Wednesday, June 21, 2006

Basic Training With Don MacLean

By Brian Dohn
L.A. Daily News

Former UCLA star MacLean becomes trusted instructor

Adam Morrison was having fits. He talked to some of his buddies about their daily workouts, and found he was doing more running. Way more running, and he didn't like it one bit.

He was getting ready to work out for NBA teams, so his shooting needed to be spot on. His legs had to be fresh. And here was Don MacLean, enjoying his retirement, running the scoring machine from Gonzaga ragged.

"We didn't quite get along at first, but I still listened," Morrison said. "He played in the league for a few years, so he knows what he's talking about. It sucked at first, but I stuck with it."

Morrison, a highly rated wing, was MacLean's latest pupil in a two-month crash course on getting ready for the NBA, and more importantly, preparing for individual team workouts leading up to the June 28 draft.

MacLean, a former Simi Valley High standout who went on to become UCLA's and the Pacific 10 Conference's all-time leading scorer, has been doing this for three springs after his agent, Mark Bartelstein, introduced the idea. MacLean's camp helps Bartelstein's clients get ready to work out for NBA clubs.

"I told Mark I'd try it, but in three weeks if I call you and say I don't want to do it any more, you have to let me off the hook," MacLean said.

"Coaching never really interested me that much, the whole process of networking to get the initial job and then moving your family around the country. I've done pretty well, so I don't need to do that. But this kind of quenches my thirst for coaching, in a sense. If you told me I had to do this for eight months out of the year, I don't know if I'd do it. But for two months, I really, really enjoy it."

MacLean retired in 2001 after a nine-year career in the NBA. The past three seasons, he was the analyst on UCLA radio broadcasts, and last season also was a commentator on Fox Sports Net.

But it is on the basketball court where MacLean is most at ease.

Beginning in mid-April, MacLean worked out Morrison at the 360 Health Club in Reseda six days a week. Some days other college players would stop by, or the Lakers' Devean George, the Knicks' David Lee, or Indiana's Danny Granger.

Lee and Granger both prepped for the NBA draft by working out with MacLean, and Granger is a testament to how much a player can improve under the former UCLA star. Projected as a second-round pick coming out of the University of New Mexico, Granger improved his stock so much he was selected No. 17 overall by Indiana in last year's draft. Granger and Lee came back to work out again with MacLean this offseason.

"I goof around a lot, but (Bartelstein) knows I take this very seriously," MacLean said. "He trusts me. He knows that I'm going to push (Morrison). He knows I know how important conditioning is for this process, because there are two different things.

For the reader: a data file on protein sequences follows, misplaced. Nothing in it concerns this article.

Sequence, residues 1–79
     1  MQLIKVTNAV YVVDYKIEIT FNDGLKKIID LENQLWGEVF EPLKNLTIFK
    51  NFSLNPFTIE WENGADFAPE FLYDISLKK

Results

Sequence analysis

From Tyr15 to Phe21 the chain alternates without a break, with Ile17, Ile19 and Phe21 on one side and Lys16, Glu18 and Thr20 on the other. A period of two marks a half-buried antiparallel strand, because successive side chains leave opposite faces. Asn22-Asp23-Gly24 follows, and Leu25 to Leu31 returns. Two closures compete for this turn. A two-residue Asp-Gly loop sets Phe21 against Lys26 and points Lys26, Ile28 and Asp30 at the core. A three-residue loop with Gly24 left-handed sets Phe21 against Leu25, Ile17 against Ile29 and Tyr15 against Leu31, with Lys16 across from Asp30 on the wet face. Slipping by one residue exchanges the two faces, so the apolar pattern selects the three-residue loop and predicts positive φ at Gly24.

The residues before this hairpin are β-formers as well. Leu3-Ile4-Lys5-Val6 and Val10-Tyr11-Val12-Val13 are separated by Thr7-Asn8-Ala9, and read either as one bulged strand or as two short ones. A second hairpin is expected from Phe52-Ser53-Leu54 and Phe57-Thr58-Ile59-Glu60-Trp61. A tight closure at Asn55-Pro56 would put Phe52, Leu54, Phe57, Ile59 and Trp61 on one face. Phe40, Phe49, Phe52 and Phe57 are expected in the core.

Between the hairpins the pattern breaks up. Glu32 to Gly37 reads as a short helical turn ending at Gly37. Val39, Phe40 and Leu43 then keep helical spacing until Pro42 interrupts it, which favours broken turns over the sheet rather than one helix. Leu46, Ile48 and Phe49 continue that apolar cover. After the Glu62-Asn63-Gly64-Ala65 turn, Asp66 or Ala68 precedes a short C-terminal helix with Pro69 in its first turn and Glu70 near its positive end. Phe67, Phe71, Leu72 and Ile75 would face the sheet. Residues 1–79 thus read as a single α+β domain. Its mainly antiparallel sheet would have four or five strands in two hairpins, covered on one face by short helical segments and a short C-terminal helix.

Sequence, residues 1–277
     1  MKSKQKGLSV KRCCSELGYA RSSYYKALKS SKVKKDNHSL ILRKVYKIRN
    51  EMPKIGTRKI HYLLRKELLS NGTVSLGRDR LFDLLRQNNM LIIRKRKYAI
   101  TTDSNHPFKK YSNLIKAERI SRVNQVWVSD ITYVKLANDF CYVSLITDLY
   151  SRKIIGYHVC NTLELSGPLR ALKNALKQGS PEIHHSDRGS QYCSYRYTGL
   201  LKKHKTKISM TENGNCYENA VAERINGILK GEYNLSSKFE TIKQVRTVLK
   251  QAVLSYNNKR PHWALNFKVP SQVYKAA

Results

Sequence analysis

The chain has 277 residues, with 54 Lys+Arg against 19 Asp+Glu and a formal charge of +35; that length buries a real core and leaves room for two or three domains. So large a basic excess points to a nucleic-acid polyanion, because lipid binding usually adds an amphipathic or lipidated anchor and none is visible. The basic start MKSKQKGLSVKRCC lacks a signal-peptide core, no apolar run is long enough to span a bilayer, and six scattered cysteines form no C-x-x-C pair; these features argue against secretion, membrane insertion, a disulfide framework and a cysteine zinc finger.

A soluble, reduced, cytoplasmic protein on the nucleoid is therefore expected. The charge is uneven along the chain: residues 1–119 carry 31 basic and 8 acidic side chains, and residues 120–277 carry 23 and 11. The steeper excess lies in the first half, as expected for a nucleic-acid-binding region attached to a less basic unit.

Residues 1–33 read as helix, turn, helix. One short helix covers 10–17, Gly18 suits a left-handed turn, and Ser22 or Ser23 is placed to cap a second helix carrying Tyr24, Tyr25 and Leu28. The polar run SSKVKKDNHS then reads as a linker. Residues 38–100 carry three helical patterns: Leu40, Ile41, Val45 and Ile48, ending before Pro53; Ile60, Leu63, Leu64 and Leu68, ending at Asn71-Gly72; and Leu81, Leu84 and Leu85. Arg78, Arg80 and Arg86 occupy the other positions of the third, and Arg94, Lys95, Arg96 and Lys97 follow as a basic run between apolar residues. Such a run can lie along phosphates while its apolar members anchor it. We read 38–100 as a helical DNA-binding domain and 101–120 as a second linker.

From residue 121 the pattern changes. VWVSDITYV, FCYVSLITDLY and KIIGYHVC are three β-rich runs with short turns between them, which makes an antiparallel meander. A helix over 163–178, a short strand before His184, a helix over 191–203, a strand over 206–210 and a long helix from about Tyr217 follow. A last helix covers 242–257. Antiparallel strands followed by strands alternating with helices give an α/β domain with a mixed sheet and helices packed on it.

"We have these two months to present (Morrison) to teams. Guys like Lee and Granger, we don't run. We just instruct. David Lee's shot needs to be worked on. Danny Granger still needs a lot of work on the perimeter."

One day earlier this month, MacLean arrived wearing a golf visor, polo shirt and a pair of shorts. His NBA career was littered with injuries, and his achy knees are evident as soon as he begins drilling Morrison.

Morrison's day began with running, and progressed to shooting drills. There were the 3-point shots from five locations on the court, the one-on-one competition in which a player cannot dribble more than twice after getting a start-up pass from MacLean, penetration drills, coming off screens, etc.

"I can work out point guards and I can work out big men, but my expertise is wing guys," MacLean said. "It's helping them improve their footwork and help them get better at scoring.

"That's why Adam's been so interesting. I ran through the checklist of what he had, and it was, yeah, he has everything. He's really been easy once I got him buying into doing it."

That's where the running comes in, like the full-court breakouts and the timed suicide runs.

"I think the thing that helped me the most is I'm in a lot better shape," Morrison said. "I'm a lot more explosive."

But that doesn't mean MacLean doesn't know a few things about defense, and he quickly tells Morrison the importance of absorbing an initial post-up move with a forearm before using his body and feet to defend.

"I think Adam knows now that I know how to play perimeter NBA basketball and he listens to what I have to say," MacLean said. "Its pretty high-end, technical stuff because you're talking about guys that are already pretty good."

When Morrison's jab step is done with little intensity, MacLean draws on his NBA experience to explain why that move won't work in the NBA unless it's done with full commitment.

MacLean averaged 10.9 points during his NBA career after scoring 20.5 per game in four seasons at UCLA.

"He's helped me with a lot of little stuff," Morrison said. "He always says to pick up the rim when I'm shooting, get my eyes on the target. We worked on footwork stuff that gives you a little extra time to get a shot off. My faceup game is a lot better and I can create my shot a lot better."

Morrison said MacLean's experience is the reason he didn't leave after the first week of workouts. Now, Morrison is poised to be a top-five pick in the draft. And MacLean satisfied his coaching itch for another year

(reprinted with permission)



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